Mercury Theatre Company
Mercury Theatre, Colchester
Thursday 15th November 2012
Caryl Churchill's abstract look at working women in society gets a fresh interpretation by the excellent Mercury Theatre Company, in a production that thought-provokingly challenges as much in theatricality as it does in content.
A wonderful revolving table circles slowly and almost continuously throughout Act 1's dinner party scene, allowing for a sociable space to be created for the various characters to enact their surreal interactions. This ingenious design distances the audience into a suitably abstract external position, as onlookers rather than intimates. We see a group of wonderfully characterised women, all of whom exemplify a trait of headstrong defiance, howsoever it was possible to be so within their differing individual societies. Performances here are excellent, with individual characters skilfully portrayed, and an unusual overlapping style of delivery never detracting from the content of each woman's story.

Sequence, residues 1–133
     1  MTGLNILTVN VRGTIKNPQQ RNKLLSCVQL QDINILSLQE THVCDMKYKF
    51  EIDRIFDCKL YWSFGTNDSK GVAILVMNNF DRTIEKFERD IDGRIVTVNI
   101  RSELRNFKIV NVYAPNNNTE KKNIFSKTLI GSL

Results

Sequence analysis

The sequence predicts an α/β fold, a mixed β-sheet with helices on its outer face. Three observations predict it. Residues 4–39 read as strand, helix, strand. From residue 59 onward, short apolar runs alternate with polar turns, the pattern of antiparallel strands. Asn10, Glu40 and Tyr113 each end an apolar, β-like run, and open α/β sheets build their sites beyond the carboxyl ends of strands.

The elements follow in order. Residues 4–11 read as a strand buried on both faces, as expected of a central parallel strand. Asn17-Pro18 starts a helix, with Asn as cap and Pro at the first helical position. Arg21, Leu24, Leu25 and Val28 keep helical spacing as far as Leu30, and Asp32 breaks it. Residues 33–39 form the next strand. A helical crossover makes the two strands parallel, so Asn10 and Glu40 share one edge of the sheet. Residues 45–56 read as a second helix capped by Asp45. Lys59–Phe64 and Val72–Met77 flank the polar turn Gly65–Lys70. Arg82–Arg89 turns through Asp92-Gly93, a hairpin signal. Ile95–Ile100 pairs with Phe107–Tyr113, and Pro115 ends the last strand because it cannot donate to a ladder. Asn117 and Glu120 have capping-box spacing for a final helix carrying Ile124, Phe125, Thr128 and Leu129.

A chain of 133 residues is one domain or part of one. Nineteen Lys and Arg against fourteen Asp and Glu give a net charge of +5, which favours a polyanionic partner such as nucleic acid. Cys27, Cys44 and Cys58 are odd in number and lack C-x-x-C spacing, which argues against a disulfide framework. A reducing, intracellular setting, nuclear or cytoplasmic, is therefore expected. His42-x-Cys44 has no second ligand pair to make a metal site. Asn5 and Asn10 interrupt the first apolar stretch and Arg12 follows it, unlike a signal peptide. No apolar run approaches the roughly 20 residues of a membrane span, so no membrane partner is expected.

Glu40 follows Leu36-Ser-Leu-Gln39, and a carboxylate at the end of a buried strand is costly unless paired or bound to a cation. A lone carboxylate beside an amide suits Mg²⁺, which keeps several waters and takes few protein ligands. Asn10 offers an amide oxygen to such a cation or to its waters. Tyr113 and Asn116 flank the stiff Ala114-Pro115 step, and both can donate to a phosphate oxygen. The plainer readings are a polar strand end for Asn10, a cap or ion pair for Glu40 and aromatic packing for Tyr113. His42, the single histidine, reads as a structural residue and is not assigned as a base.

As we embark on Act 2 it is clear this is a play of two distinct halves, as our "everywoman" dinner party host Marlene from before the interval takes us into her life as a 1980s modern working woman. Earlier performers take on entirely new roles as the women in her life, colleagues, family, clients, who exemplify various roles of this modern society. Never a feminist, Marlene is simply as headstrong as the guests at her dinner party, and as she confronts her sister towards the end of the play we begin to understand her motivations better. At first chastising her stay-at-home sibling for her lack of ambition, details are gradually revealed that explain the price of Marlene's success in a passionate and accomplished scene.
I was disappointed by the series of obvious projections bombarding us at the end, filling gaps that weren't there due to the excellent acting and intelligent staging of the rest of the play. A challenging and stimulating evening from this excellent Colchester company.